Maria Kontaridis Laboratory
Maria Kontaridis, PhD
Cardiovascular Research Cardiovascular
Division Beth Israel Deaconess Medical Center 3 Blackfan Circle
E/CLS #908 Boston MA 02215
Dr. Kontaridis received her undergraduate degrees (B.A. and B.S.) from the University of Florida in Classics and Chemistry, and subsequently, went on to obtain her masters degrees in Pharmacology as well as Biomedical and Biological Sciences from Yale University in 1999 and 2001, respectively. In 2002, she was awarded a Ph.D. from Yale University for work with Dr. Anton Bennett on the role of protein tyrosine phosphatases, especially SHP-2, in cell growth and skeletal muscle differentiation. Dr. Kontaridis' interest in continuing to work on SHP-2 phosphatase led her to accept a postdoctoral position with Dr. Benjamin Neel, at the BIDMC in 2003. Her work as a postdoctoral fellow garnered extramural support from the American Heart Association and the NIH Pathway to Independence Award (K99/R00). In 2007, Dr. Kontaridis was promoted to Instructor, and in 2008, was recruited to the Department of Medicine, Division of Cardiology at BIDMC as an Assistant Professor of Medicine at Harvard Medical School. In this context, Dr. Kontaridis has made multiple interesting observations about SHP-2 and its role in cardiac pathophysiology and disease. Her work has been awarded grants from the Milton Foundation, the Children’s Cardiomyopathy Foundation, the Saving Tiny Hearts Foundation, the Harvard Stem Cell Institute, the Alliance of Lupus Research and the National Institutes of Health (NHLBI-R01 and NCATS-TRND).
Dr. Kontaridis is actively involved in the BIDMC/Cardiology division as co-organizer of the departmental seminar series and the annual Cardiology Retreat. She is also a member of the Cardiology Fellowship Selection Committee, serves as a member of the Committee for the Advancement of Women Faculty in the Department of Medicine, and is Chairman of the Research Safety Committee at BIDMC. Dr. Kontaridis is also a member of the Harvard Medical School Biomedical and Biological Sciences Faculty Program, where she has a joint appointment in the department of Biological Chemistry and Molecular Pharmacology and with the Leder Human Biology and Translational Medicine Program of Harvard Medical School. In December of 2010, Dr. Kontaridis was appointed Fellow of the American Heart Association.
Understanding the signaling pathways that mediate cardiac developmental processes may reveal important clues into the cellular and molecular pathogenesis of heart disease. Our research program focuses on the fundamental mechanisms underlying both congenital heart disease and end-stage heart failure, and the mechanisms therein that lead to abnormal development, aberrant molecular signaling, and disease onset. Our lab uses a myriad of tools and techniques including iPS cells, in vivo mouse model systems, and molecular biology techniques. Together, these provide valuable mechanistic and functional information in understanding the differential signaling pathways and developmental processes leading to cardiac disease. Specifically, we want to understand how protein-tyrosine phosphatases (PTPs) relate to cardiac development and disease. Our lab has three main interests: 1) elucidation of the cardiomyogenic defects associated with Noonan and LEOPARD Syndromes, two autosomal dominant congenital disorders primarily caused by unique mutations in the protein tyrosine phosphatase SHP2; 2) understanding the functional role and mechanisms by which SHP2 activity is involved in the development of Systemic Lupus Erythematosus; and 3) elucidating the potential cardioprotective effects of the small G protein RhoA in the adult heart through identification of novel signaling pathways involved in cardiac pathogenesis.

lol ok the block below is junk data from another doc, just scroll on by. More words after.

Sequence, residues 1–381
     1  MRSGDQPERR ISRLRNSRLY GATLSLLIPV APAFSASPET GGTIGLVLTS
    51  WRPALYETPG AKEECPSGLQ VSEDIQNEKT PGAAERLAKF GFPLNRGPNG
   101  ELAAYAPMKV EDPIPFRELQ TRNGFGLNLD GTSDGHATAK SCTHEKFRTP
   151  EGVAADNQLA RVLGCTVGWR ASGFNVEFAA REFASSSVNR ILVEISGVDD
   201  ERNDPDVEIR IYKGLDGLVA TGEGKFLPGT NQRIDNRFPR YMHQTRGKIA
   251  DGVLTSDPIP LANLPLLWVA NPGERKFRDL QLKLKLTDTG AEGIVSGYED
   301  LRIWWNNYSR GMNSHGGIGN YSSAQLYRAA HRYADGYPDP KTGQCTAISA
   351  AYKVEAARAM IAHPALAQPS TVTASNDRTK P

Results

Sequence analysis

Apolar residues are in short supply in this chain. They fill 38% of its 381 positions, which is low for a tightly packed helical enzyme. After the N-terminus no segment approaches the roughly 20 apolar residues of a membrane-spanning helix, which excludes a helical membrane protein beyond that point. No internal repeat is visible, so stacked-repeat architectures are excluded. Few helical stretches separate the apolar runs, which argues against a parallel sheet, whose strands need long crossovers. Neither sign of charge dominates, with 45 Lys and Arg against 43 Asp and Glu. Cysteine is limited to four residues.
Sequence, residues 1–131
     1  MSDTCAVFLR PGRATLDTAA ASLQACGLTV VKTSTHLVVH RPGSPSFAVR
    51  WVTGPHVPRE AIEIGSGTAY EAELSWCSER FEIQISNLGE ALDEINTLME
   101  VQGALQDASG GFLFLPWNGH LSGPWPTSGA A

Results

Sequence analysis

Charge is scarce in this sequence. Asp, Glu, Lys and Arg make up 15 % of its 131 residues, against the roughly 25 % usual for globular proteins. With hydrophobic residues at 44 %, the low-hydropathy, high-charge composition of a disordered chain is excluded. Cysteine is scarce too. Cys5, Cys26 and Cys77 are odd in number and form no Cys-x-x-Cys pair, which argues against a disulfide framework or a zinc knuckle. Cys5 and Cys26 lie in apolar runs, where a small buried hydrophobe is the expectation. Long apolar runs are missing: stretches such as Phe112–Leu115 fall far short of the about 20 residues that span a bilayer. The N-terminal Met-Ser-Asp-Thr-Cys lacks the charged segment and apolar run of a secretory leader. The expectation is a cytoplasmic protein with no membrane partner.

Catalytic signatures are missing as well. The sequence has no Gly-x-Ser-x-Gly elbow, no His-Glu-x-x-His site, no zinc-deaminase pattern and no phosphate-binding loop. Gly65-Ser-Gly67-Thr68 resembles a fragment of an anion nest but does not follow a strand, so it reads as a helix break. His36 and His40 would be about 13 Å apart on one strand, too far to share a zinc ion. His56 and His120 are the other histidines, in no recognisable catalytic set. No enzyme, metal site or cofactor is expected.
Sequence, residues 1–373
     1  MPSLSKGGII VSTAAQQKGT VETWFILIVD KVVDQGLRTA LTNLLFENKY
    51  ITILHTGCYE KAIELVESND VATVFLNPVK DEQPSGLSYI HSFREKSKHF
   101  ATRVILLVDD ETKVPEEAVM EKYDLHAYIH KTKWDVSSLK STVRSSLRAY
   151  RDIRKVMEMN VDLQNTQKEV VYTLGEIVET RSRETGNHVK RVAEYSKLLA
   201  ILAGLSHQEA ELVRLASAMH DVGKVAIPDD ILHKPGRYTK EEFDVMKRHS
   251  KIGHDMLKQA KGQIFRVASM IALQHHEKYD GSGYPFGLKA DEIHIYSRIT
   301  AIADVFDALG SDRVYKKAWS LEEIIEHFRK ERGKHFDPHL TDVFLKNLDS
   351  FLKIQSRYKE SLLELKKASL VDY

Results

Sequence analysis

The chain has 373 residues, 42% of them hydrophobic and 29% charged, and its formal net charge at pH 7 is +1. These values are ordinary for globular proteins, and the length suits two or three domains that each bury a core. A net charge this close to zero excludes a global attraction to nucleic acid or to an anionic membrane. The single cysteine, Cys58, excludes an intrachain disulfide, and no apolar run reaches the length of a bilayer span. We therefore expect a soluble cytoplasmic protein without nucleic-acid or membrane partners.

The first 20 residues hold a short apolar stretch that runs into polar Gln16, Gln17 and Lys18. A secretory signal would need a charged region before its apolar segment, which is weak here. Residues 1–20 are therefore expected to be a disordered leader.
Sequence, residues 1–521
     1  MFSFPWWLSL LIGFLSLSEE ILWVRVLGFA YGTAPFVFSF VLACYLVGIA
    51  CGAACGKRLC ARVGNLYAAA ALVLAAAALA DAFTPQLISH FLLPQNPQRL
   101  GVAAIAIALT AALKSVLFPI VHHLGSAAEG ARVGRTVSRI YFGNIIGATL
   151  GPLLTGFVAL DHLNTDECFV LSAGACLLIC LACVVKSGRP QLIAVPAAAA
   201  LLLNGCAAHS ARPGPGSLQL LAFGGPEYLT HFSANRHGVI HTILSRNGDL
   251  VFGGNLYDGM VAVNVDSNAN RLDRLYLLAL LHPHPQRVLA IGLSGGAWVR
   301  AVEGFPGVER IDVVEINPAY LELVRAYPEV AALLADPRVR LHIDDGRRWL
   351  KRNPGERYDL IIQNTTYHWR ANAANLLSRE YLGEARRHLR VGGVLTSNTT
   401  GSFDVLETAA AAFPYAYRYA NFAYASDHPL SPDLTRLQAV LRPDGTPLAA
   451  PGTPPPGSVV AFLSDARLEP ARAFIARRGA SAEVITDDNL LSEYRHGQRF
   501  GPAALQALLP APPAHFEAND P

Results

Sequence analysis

1-Lauriol, J, Keith, K, Jaffre, F, Couvillon, A, Saci, A, Goonasekera, SA, McCarthy, JR, Kessinger, CW, Wang, J, Ke, Q, Kang, P, Molkentin, JM, Carpenter, C, and Kontaridis, MI. RhoA signaling in cardiomyocytes protects against stress-induced heart failure. Sci Signal. 2014 Oct 21;7(348):ra100. doi: 10.1126/scisignal.2005262.
2-Talita M. Marin, Kimberly Keith, Benjamin Davies, David A. Conner, Prajna Guha, Demetrios Kalaitzidis, Xue Wu , Michael Bauer, Roderick Bronson, Kleber G. Franchini, Benjamin G. Neel and Maria I. Kontaridis. Rapamycin normalizes hypertrophic cardiomyopathy in a mouse model of LEOPARD Syndrome-associated PTPN11 mutation. JCI, 2011 Feb 21. pii: 44972. doi: 10.1172/JCI44972.
3-Stewart RA, Sanda T, Widlund HR, Zhu S, Swanson KD, Hurley AD, Bentires-Alj M, Fisher DE, Kontaridis MI, Look AT, Neel BG. Phosphatase-Dependent and -Independent Functions of Shp2 in Neural Crest Cells Underlie LEOPARD Syndrome Pathogenesis. Dev Cell. 2010 May 18;18(5):750-762.
4-Kontaridis MI, Yang W, Bence KK, Cullen D, Wang B, Bodyak N, Ke Q, Hinek A, Kang PM, Liao R, Neel BG. Deletion of Ptpn11 (Shp2) in cardiomyocytes causes dilated cardiomyopathy via effects on the extracellular signal-regulated kinase/mitogen-activated protein kinase and RhoA signaling pathways. Circulation. 2008;117(11):1423-35. Editorial: Shp Shape - FAKs about hypertrophy, Martin, KA, Hwa, J., Circ Res. 2008 October 10; 103(8): 776-778
5-Kontaridis MI, Swanson KD, David FS, Barford D, Neel BG. PTPN11 (Shp2) mutations in LEOPARD syndrome have dominant negative, not activating, effects. J Biol Chem. 2006;281(10):6785-92. 5-Bentires-Alj, M., Kontaridis, M.I., Neel, B.G. Stops along the RAS pathway in human genetic disease. In: Nat Med. 2006 Mar;12(3):283-285. Nature;2006. p. 283-285.